Whatever results come from today's election, Democrats will largely have the Labor movement and workers across this country to thank for any silver lining they find. I have written recently about the critical role unions play in supporting democratic candidates.
For those who question whether the labor movement is still relevant in the United States, the last two months before an election should clear up any doubts. This is the time period in which Democratic politicians desperately seek help in getting elected. Organized labor, with its significant resources and savvy field operations, is by far their best hope--if not their only one.
It's not just because of the millions they have invested in campaign contributions and paid communications. There have been a multitude of ads crowding the airwaves across the country and endless reams of mail have hit voters' mail boxes. However, as it has always been, elections come down to boots on the ground and no one is better at getting out the vote than the labor movement.
According to the LA Times, Labor has once again pulled out all the stops "spending at least $200 million, closely tracking members' early voting activity and arranging phone banks, door-to-door contacts and get-to-the-polls transportation efforts."
In every state in the union, workers are talking to friends, co-workers and family, making phone calls, knocking on doors and helping get voters to the polls. With nearly 17 million workers represented by a union across the country, they are a source of energy unrivaled by any other organization.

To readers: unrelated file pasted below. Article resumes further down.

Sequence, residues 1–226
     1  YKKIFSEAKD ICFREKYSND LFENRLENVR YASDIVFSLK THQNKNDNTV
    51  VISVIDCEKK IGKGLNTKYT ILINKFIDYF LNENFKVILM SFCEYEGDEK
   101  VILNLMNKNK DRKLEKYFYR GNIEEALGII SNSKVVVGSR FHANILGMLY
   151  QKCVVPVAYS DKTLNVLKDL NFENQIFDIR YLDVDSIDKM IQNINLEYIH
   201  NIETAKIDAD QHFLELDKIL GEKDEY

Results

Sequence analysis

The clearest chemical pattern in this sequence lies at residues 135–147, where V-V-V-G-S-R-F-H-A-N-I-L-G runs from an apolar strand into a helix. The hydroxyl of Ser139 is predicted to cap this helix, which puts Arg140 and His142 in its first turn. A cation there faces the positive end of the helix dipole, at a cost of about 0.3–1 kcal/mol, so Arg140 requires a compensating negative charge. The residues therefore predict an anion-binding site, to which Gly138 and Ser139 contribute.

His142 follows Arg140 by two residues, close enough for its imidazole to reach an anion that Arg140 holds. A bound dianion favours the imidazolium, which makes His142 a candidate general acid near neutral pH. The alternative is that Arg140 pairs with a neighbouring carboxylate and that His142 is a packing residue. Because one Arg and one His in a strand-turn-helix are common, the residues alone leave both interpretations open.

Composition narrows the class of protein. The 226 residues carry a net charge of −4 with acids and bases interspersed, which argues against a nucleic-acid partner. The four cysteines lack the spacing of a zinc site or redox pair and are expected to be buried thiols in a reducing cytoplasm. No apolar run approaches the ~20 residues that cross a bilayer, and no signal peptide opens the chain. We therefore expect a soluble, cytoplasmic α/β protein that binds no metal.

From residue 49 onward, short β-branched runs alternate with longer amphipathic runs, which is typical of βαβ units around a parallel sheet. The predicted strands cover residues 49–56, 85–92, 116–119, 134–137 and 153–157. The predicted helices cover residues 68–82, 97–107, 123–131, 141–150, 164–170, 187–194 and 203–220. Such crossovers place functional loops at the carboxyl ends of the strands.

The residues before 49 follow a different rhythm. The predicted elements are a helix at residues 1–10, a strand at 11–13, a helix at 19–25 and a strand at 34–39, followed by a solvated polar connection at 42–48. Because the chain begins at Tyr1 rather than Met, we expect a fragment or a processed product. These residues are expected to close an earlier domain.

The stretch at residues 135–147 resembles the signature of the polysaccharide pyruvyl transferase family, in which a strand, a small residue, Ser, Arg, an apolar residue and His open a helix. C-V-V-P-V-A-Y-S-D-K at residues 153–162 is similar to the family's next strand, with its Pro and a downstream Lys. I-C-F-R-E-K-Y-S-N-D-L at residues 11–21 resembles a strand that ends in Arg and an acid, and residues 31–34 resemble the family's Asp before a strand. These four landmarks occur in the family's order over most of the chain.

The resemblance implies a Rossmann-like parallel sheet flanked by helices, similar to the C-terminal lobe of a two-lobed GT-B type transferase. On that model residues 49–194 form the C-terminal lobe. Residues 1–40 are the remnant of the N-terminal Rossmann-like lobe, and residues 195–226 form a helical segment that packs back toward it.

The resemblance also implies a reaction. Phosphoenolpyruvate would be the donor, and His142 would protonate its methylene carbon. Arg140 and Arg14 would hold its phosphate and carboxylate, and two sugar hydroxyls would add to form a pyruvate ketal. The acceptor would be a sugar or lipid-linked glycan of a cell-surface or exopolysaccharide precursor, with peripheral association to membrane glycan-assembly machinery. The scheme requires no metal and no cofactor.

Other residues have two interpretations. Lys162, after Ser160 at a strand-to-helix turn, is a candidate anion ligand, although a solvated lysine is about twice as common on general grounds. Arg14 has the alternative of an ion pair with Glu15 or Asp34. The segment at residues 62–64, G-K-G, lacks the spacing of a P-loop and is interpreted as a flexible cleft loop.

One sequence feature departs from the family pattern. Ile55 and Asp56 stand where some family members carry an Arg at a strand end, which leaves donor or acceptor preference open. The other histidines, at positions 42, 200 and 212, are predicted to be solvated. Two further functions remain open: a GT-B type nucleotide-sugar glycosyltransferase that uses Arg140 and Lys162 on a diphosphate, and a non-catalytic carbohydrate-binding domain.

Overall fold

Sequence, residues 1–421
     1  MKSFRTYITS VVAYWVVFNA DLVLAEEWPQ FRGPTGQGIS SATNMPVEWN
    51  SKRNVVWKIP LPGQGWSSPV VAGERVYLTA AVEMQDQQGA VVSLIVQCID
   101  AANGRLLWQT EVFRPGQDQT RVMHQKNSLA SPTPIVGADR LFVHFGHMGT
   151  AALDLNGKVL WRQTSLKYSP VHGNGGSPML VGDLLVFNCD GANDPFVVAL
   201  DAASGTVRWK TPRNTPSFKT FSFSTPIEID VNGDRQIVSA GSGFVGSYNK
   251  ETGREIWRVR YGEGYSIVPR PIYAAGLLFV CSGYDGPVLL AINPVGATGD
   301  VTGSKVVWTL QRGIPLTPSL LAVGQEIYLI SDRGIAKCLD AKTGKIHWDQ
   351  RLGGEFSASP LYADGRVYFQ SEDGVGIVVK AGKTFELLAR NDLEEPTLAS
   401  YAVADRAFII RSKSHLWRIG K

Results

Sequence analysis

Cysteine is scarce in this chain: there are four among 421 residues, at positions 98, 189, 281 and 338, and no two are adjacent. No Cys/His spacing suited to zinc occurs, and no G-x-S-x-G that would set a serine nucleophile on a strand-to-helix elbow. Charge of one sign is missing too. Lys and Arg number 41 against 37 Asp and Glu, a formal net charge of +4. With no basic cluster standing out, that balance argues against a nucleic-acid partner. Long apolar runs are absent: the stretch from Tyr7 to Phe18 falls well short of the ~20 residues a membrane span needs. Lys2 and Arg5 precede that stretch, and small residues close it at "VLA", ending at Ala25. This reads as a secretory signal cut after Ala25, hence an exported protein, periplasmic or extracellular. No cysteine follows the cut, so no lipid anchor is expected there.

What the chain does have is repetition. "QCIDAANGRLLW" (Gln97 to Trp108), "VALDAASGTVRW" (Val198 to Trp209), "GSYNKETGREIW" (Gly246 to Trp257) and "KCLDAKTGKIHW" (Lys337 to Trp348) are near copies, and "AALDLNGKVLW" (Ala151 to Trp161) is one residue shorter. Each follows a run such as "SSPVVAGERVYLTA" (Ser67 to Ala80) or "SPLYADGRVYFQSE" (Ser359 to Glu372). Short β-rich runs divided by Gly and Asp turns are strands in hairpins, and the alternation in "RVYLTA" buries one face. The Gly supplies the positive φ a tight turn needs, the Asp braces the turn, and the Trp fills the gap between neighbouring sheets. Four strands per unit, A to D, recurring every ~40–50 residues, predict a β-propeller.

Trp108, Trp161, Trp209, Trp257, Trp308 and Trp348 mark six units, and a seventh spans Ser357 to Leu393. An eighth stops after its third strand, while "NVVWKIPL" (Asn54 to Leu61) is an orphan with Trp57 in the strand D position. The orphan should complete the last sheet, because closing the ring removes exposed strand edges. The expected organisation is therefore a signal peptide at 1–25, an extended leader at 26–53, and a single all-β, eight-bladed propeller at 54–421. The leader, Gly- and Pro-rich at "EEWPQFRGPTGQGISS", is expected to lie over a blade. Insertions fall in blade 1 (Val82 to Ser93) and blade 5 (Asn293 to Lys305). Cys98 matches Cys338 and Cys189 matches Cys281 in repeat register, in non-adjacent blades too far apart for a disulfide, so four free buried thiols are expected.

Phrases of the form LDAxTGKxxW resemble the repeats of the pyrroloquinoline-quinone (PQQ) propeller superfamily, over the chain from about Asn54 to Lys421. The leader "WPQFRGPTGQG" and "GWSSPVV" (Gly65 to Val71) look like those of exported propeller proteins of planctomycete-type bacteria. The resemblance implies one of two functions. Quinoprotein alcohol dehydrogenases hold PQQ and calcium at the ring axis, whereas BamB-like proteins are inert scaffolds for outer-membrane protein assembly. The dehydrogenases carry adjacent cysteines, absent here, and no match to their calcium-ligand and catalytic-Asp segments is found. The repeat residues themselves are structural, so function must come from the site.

In the last ten years, union members have consistently turned out to vote in much higher proportions than the general population, and their support has often made up the margin of difference for winning candidates. During the last mid-term election in 2006, exit polls show while non-union voters split evenly between Democrats and Republican 49% to 49%, Union voters gave Democrats a 30 point margin and victory.
The growing economic crisis has weighed heavily on voters, union and non-union alike, and the results for today will be very different from 2006. As I said recently, Democrats can expect to pay a heavy price for the economic downturn and their own dithering on economic policies that directly help working people.
Every time the Democrats are too timid to promote a policy solution that the party's base actually wants, they walk into a trap. They end up passing something that is too insignificant to actually deal with the problem at hand but that nevertheless prompts hysterical denunciations from the right. Despite their efforts at moderation, they are vociferously condemned as "tax-and-spend liberals." At the same time, they have nothing to show for their efforts that might make them proud to have earned the label.
The base, which is largely made up of union members across the country, is rightly frustrated but I am proud that, despite the tough times, they have continued to fight for what is right and fair in this country.
Before the pity parties and recriminations begin, I hope that Democrats will see the silver lining and remember the millions of hard-working men and women who have stood up and fought for them. For those who are fortunate enough to return to Congress, they should be reminded daily that working people helped bring them back from the brink and can help pave the way for a brighter future for all Americans.